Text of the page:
The journal is recently ranked in the “SCImago Quartile 1 (Best quartile)” in the area of Economics, Econometrics and Finance, the year that her paper was accepted for publication, Her research was under close supervision and guidance of her thesis adviser, Asst. Prof. Dr. Peerayuth Charoensukmongkol.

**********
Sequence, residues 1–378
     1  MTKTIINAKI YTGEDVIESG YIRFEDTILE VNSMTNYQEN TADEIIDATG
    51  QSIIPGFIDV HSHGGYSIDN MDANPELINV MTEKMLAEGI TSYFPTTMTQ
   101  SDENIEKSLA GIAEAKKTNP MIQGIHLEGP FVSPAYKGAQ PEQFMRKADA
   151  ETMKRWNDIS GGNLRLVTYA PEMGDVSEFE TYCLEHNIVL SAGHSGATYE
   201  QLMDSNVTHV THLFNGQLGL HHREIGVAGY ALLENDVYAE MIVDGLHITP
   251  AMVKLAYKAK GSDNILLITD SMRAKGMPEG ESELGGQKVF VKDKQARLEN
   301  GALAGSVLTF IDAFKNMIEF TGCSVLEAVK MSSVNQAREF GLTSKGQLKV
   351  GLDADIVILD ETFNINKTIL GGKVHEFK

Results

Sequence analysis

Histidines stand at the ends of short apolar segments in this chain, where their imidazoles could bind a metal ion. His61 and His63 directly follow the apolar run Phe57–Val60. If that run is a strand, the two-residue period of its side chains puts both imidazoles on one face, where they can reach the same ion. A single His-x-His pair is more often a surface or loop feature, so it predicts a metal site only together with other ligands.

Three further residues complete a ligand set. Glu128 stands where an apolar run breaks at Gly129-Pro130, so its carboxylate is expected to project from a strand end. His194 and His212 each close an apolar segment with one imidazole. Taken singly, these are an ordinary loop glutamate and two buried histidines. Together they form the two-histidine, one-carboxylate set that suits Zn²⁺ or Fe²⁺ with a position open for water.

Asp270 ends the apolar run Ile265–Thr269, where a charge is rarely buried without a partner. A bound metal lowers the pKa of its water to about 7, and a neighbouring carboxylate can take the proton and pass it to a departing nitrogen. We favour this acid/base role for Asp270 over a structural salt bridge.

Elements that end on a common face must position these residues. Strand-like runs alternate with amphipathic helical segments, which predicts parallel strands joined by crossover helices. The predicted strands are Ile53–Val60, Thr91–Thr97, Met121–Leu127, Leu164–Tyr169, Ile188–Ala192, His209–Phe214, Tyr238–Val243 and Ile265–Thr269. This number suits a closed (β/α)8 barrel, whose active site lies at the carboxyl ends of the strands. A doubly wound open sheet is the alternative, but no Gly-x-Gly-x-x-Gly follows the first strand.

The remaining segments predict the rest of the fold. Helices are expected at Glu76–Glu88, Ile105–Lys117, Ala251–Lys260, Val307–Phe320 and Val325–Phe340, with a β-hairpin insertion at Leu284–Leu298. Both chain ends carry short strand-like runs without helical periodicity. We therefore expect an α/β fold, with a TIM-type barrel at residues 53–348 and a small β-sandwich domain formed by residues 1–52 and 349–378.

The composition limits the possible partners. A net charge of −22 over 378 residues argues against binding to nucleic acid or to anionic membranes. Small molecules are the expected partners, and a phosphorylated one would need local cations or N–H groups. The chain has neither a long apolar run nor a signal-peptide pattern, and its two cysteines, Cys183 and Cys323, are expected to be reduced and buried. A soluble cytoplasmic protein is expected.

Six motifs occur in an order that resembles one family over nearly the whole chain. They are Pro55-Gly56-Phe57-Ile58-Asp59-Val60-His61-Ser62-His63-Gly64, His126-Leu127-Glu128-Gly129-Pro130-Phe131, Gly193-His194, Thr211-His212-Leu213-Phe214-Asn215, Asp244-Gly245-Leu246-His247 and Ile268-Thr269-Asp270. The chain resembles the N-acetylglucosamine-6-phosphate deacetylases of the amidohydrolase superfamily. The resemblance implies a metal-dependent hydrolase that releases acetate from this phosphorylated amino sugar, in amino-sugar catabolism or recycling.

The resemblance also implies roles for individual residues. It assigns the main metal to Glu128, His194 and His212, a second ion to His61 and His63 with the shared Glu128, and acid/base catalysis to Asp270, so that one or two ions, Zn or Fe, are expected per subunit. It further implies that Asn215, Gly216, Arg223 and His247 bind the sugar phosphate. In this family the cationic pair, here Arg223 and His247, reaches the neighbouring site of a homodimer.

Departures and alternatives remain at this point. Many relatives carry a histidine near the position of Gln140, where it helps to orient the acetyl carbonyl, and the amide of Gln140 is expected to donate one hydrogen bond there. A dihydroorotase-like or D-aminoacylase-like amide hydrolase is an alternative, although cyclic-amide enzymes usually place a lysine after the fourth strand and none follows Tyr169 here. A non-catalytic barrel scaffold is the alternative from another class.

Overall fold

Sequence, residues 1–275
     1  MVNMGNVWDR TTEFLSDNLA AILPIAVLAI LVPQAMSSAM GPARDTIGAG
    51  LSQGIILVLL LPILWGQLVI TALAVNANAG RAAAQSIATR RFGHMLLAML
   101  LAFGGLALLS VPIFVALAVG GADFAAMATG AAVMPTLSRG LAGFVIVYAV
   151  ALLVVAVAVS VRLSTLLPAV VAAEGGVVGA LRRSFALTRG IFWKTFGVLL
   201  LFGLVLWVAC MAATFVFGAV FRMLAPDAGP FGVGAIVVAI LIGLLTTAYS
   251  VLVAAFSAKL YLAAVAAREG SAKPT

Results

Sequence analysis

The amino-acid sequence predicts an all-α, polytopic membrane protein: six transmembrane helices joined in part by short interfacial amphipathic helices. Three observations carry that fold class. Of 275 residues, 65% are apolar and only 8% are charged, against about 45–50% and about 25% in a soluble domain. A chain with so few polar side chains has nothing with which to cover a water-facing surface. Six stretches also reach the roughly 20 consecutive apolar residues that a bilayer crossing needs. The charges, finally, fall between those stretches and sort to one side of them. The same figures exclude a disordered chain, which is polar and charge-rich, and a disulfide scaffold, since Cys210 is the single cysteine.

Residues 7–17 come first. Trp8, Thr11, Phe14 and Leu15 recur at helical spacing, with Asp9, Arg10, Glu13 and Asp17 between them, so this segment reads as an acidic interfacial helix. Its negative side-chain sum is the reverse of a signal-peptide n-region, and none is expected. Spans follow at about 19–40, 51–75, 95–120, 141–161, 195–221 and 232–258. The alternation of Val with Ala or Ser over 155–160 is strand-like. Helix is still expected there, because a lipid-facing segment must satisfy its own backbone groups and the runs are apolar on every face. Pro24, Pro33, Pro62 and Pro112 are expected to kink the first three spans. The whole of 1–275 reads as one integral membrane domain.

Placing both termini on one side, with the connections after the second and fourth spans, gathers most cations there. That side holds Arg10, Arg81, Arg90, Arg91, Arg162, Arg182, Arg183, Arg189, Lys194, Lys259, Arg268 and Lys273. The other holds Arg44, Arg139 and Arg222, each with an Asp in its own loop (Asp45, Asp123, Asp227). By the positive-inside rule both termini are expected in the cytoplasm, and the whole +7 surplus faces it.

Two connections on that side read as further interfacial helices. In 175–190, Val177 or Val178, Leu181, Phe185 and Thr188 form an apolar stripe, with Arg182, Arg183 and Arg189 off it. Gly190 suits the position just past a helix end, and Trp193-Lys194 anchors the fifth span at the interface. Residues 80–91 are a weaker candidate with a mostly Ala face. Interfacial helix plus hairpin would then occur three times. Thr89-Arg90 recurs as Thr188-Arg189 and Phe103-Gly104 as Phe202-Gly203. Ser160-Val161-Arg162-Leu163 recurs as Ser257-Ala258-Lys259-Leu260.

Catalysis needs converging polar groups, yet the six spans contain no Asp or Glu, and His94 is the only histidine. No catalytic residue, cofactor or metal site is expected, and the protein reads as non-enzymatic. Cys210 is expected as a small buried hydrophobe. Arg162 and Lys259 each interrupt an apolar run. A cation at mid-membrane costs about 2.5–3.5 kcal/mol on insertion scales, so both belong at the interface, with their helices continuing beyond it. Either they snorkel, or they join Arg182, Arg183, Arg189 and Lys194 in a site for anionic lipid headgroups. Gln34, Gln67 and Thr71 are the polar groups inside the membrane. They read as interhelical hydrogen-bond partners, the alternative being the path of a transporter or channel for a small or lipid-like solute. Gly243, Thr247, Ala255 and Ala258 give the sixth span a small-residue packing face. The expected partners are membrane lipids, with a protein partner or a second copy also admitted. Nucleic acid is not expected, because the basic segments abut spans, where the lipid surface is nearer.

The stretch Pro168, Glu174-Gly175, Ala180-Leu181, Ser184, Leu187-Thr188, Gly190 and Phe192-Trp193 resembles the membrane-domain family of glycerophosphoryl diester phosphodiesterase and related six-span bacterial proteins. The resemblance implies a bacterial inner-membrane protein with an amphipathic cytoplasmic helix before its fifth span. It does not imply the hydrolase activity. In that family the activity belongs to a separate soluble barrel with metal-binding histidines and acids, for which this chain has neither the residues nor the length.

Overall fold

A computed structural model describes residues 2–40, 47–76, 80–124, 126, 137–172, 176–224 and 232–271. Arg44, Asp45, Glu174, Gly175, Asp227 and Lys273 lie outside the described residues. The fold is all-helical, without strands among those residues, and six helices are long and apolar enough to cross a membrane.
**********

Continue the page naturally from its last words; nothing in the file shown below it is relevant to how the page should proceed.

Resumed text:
Purpose This study aims to examine the contribution of cultural intelligence (CQ) to the level of adaptive selling behavior and customer-oriented selling behavior of salespeople in a cross-cultural selling context. Design/methodology/approach This study collected data from a total of 210 Thai salespeople who had been assigned to work at trade shows in Japan ( n = 110) and in Vietnam ( n = 100). Findings The findings show that salespeople with higher CQ tend to demonstrate a higher degree of adaptive selling behavior and customer-oriented selling behavior in both countries. The moderating effect analysis shows that the positive relationship between CQ and adaptive selling behavior is significantly higher for Thai salespeople in Japanese trade shows than in Vietnamese trade shows. Research limitations/implications This study uses cross-sectional data collection; therefore, the results have been interpreted as associations, but not causations. Practical implications The study suggests that CQ development programs could be considered as part of the training that organizations provide to salespeople to develop cross-cultural competencies to deal effectively with foreign customers. Originality/value This study provides additional evidence concerning the benefits of CQ in an occupational area that has not been previously explored. More importantly, the result regarding the positive linkage between CQ and adaptive selling behavior was significantly stronger in the country characterized by higher cultural differences. This also contributed to CQ research by showing that differences in a cultural context might also influence the benefits of CQ in relation to the outcome variables.